San Diego Tourist Guide

Solana Beach's Fletcher Cove

Solana Beach San DiegoSan Diego’s vibrant community of Solana Beach is named after the sun. Solana Beach offers several beaches nestled against the sandstone bluffs. The beaches here are gorgeous and tend to be overlooked by many San Diegans and tourists alike. That’s not to say they’re empty but when La Jolla Shores is packed and you’re circling the parking lot forever in search of a spot, Solana Beach is likely to have parking to spare.

Fletcher Cove is a smaller beach and the shoreline tends to disappear at high tide. Because of this, space is limited. The sandstone bluffs have suffered recent failures further limiting where you can set up for the day. But if you plan it just right, you’re in for a treat at Fletcher Cove.

Check the tide tables and plan on arriving as the tide is going out. Since the tide is receding, the sandscape will get larger during your stay,
giving you more room to spread out. Free parking is available in the small lot on top as well as side streets. A large concrete ramp takes you down the bluffs to the beach. This ramp is much superior to adjacent beaches in Solana Beach where you must go down steep and treacherous staircases in order to reach the shore below.

Once at the bottom of the ramp, you’ll encounter a small semi-circular beach area that’s reminiscent of a small cove. As the cliffs encroach, the sand strip gets smaller. While the stretches of sand on the outer edges of the cove are small, they do offer a more intimate beach experience.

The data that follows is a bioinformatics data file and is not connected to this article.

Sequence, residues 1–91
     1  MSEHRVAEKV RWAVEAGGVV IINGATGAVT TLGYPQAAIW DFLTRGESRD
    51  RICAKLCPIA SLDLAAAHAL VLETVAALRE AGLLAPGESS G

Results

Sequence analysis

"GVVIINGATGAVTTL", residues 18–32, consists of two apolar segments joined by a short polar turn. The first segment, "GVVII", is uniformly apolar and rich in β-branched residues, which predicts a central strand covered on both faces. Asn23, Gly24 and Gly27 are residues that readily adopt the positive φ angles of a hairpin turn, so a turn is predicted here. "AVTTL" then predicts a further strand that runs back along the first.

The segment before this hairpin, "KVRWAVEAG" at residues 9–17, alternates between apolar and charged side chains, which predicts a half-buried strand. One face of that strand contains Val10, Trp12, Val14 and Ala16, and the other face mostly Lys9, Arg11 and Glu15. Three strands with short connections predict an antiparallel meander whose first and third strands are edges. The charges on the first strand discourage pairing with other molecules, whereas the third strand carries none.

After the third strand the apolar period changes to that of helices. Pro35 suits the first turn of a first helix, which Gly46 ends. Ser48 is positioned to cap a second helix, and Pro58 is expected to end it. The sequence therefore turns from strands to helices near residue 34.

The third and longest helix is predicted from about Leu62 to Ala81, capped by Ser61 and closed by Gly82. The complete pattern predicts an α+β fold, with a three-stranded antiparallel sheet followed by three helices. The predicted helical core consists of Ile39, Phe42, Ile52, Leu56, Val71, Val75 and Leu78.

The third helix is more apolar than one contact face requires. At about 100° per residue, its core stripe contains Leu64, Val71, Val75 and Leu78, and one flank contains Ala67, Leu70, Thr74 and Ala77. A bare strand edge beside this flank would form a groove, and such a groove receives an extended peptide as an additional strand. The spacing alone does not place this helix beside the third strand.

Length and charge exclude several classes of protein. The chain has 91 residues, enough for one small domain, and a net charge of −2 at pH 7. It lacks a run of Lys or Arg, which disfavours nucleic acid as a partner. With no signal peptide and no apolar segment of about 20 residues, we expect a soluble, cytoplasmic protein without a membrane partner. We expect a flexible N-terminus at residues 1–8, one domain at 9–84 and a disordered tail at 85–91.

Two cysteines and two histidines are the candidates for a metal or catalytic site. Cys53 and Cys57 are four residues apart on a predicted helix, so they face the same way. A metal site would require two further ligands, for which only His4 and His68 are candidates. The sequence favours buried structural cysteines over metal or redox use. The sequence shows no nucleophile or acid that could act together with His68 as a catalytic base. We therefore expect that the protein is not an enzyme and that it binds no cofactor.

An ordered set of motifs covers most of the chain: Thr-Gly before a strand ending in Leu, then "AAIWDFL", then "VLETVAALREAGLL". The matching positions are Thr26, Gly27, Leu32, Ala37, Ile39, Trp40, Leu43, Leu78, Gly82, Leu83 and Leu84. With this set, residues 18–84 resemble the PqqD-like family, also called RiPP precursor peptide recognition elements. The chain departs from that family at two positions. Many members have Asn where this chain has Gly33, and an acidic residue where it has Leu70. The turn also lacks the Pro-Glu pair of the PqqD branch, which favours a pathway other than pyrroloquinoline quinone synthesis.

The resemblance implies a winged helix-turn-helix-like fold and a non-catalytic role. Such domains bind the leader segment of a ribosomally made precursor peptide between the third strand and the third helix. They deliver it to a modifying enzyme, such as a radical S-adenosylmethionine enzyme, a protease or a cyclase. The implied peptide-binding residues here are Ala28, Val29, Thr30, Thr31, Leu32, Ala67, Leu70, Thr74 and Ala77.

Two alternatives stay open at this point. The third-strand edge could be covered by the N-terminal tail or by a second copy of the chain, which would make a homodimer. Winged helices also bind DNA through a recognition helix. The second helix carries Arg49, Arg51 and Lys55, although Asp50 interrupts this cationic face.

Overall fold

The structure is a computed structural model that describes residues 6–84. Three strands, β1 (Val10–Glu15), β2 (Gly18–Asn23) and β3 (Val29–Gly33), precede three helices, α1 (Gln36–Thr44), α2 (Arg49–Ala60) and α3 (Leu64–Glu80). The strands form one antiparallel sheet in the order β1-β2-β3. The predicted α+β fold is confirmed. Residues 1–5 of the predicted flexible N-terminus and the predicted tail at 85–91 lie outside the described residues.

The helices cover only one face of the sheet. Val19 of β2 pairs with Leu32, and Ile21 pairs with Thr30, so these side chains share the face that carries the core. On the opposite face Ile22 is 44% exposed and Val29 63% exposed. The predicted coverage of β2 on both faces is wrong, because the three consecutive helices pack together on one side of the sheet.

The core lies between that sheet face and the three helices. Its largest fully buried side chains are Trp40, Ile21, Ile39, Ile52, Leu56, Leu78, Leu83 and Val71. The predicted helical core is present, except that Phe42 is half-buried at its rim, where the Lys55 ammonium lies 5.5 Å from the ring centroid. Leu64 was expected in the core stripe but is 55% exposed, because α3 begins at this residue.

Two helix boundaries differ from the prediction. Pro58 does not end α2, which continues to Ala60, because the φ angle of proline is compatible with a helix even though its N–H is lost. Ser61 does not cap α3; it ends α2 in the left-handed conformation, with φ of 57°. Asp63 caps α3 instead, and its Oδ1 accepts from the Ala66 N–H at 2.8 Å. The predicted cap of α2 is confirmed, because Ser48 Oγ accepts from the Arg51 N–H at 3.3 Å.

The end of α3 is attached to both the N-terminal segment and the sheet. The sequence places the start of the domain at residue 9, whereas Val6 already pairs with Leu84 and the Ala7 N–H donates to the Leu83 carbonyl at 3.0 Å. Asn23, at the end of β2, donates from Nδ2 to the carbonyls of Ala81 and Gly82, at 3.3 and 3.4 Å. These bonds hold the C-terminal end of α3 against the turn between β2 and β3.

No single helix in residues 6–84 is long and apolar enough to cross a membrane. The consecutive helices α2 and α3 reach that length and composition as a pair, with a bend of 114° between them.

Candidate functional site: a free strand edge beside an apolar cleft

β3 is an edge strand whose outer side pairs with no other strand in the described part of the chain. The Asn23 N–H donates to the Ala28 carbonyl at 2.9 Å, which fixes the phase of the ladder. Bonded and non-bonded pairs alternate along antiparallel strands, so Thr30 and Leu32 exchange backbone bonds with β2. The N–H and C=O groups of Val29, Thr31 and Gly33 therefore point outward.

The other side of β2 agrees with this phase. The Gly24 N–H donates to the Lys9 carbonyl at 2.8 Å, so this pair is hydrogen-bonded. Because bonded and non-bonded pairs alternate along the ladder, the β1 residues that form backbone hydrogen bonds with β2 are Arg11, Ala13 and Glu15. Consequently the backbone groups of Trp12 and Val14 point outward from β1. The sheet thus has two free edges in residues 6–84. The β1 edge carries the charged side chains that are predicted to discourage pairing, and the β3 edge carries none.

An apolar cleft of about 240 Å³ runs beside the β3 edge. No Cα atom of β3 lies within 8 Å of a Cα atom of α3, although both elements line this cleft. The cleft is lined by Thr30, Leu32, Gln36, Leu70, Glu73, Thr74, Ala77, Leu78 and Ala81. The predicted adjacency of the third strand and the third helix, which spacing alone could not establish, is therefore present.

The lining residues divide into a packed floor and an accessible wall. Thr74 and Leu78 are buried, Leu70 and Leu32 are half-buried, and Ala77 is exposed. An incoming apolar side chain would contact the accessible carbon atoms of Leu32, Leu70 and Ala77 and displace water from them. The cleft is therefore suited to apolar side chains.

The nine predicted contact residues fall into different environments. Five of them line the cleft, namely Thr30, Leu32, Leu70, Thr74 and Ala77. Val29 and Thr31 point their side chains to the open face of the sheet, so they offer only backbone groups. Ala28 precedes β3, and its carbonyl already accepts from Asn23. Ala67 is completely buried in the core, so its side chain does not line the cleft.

Fletcher Cove has a lifeguard on duty during the summer months and it is extremely popular with surfers. A reef break offshore beckons surfers to paddle out and catch the consistent and powerful break. This surfing zone is restricted only to surfers with a swimming and boogie board section marked on the south side of the cove.

Fletcher Cove is one of the most family oriented beaches in San Diego. Here you’ll find grandparents digging castles and moats with their grandkids, and families of all ages. You’re less likely to find raging teen parties or scantily clad bathers at this beach than at other San Diego beach hot spots.

A set of restrooms and showers is located up above near the parking lot. While it may be a hike back up the ramp, at least they are available and clean. Many of the beaches nearby have no facilities at all.

Trying to find a spot to lay out your beach blanket at Fletcher Cove takes a little bit of planning and logistics. You don’t want to get too close to the bluffs because they are unstable and they do collapse from time to time. Don’t take the warning signs lightly; fatalities have occurred along the San Diego North County coastline due to bluff failures. In addition, high tide takes its fair share of beach real estate. If the tide is coming in, pay attention and get ready to grab your stuff and get cozy with your neighbors behind you. Finally, depending on the kelp cutting activities offshore, you may have to dodge large piles of kelp that has washed ashore. These kelp piles tend to smell bad and attract sand flies which can be miserable depending on where you are located and which way the wind is blowing (or not blowing).

Getting to Fletcher Cove is a matter of taking the Lomas Santa Fe exit off of Interstate 5 and following it until it dead ends into the Pacific Ocean. The town of Solana Beach offers many restaurants and delis where you can get food to take along with you. In addition, Cedros street is well known for its art galleries, antique stores and the Belly Up Tavern.

Consider Solana Beach’s Fletcher Cove for a family friendly beach outing. You’ll be able to park for free and enjoy the beautiful and rugged shoreline that typifies the San Diego North County coast complete with surfers, kelp and sandstone. The water here is often more clear and the floor less rocky than nearby beaches.

San Diego, California